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Tuesday, 2 October 2023

Employment rights for young people

Are you thinking of getting a job? Are you already in work? If you are employed and under 18, there are certain restrictions on what work you can actually do, where you can do it and for how long each week.

Are you old enough to have a job?

If you're under 13, you cannot legally be employed, although you can take part in paid sport or entertainment with permission from your local authority. Once you reach the age of 13, you may be allowed to be employed to do 'light work'. This is work which is not likely to affect your health, safety or education. Things you can do may include shop work or taking on a paper round.

Check with the local authority where your place of work would be to see what restrictions they have about the employment of 13 year olds.

When you're 14, you can be employed in a wide range of jobs, but there are still some that you can't do. For example you may not work in factories or on a building site. If you're unsure about whether you can work in certain jobs, check on these with the local authority.

These restrictions last until you become 16 and have left school, when you become classed as a young worker. This means that you'll have more choice in the jobs you can do. If you are 18 or over, you get the same work rights as adults.

Working hours

There are rules that regulate what times of the day you can work and for how long. These are different depending on your age.

14 year olds
There are a lot of rules that control working hours of children, but the basic ones are:

  • during term time, you can only work for two hours on weekdays and Sundays
  • during term time, you can only work for five hours on Saturdays
  • during a school holiday, you can work for up to five hours on a week day or a Saturday
  • during a school holiday, you can't work for more than two hours on a Sunday
  • you cannot work before 7.00 am or after 7.00 pm on any day

15 and 16 year olds
If you're 15 or 16 and are working while you're still at school, your rights are almost identical to those of 14 year olds. However, you are allowed to work for up to eight hours on Saturdays or during the school holidays.

16 and 17 year olds
If you're no longer at school and you're 16 or 17, the law refers to you as a 'young worker'. Because you will no longer be at school, there are fewer restrictions on when you can work and for how long, but there are still some rules.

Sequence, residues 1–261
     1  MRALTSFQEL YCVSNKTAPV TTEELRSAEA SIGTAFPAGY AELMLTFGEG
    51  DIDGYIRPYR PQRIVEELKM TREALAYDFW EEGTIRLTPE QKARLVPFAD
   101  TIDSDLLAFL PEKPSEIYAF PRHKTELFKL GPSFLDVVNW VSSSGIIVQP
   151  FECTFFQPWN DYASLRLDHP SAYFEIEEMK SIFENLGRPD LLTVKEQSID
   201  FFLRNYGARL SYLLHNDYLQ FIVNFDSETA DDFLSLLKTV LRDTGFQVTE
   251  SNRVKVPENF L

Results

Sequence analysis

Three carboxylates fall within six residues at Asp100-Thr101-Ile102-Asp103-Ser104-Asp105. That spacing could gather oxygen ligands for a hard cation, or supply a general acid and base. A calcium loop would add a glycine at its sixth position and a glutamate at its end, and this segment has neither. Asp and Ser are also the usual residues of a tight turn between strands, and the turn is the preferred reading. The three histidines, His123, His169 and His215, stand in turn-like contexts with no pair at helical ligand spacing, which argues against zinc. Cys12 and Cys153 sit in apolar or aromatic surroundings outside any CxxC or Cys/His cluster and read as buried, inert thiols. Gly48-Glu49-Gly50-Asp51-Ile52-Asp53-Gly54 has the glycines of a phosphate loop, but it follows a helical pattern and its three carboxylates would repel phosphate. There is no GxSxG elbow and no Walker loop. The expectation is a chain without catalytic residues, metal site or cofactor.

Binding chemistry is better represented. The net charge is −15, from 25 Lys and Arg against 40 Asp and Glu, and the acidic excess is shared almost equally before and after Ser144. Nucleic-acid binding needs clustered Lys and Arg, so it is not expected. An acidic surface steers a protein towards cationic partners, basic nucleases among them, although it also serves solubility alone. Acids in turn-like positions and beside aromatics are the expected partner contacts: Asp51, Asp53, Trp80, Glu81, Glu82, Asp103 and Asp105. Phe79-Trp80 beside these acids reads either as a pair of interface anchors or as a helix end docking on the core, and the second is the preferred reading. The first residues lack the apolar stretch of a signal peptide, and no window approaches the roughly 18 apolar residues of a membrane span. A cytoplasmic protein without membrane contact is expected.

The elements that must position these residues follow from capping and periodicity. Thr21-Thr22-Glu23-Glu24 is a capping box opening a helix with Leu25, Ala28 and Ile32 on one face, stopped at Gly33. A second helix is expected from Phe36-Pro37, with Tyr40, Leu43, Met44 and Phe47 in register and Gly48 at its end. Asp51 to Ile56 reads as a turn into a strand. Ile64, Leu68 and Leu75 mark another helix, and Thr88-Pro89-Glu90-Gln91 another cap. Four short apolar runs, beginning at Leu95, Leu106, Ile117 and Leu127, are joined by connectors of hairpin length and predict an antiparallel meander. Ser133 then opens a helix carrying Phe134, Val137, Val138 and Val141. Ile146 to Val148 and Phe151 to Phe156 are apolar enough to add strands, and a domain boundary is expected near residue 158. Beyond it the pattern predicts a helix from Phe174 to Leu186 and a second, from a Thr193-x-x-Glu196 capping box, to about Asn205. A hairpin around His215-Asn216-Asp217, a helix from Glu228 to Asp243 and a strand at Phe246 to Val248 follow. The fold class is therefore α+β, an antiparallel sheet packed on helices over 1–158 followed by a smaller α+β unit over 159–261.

Because you've reached school leaving age, you may find that employers may be more willing to offer you part-time or full-time employment. You're also not limited to just 'light work', so you'll be allowed to work in places like a busy shop, restaurant kitchen or as a waiter or waitress.

The minimum wage

You become eligible for the National Minimum Wage (NMW) when you're older than school leaving age. The rate of NMW will then depend on your exact age.

There isn't a National Minimum Wage for people under 16 who are younger than the school leaving age.

The National Minimum Wage rate changed on 1 October, so make sure you check that you're getting paid the right amount.

Time off and holidays

If you are working full time, you have the right to at least 5.6 weeks' paid annual leave. This works out to be 28 days in a year if you work five days per week. Some employers may offer more as part of your employment contract.

If your company offers little or no training, you can also get time off to work and study if you decide to take any further education courses.

If you get made redundant

If you’re 16 or 17 and have recently lost your job, your best option is to do some further learning or training. Gaining additional skills and qualifications could help you find a new job more quickly, earn more money and increase your career prospects in the future.

Local authorities can provide support for young people to participate in education or training. Depending on your circumstances, you may be able to claim benefits if you choose to look for another job.

Health and safety at work

All employers have a responsibility to make sure that their employees’ health and safety are protected at work.

This means that you should expect thorough training that shows you the right way to do your job safely.

You also have health and safety responsibilities as an employee. These include:

  • making sure you use the proper methods to carry out tasks, like lifting heavy boxes or using sharp knives
  • not putting anyone else at risk of injury
  • making sure you're not wearing any clothing or jewellery that is unsuitable for the work you're doing
  • reporting any accidents or injuries to your manager

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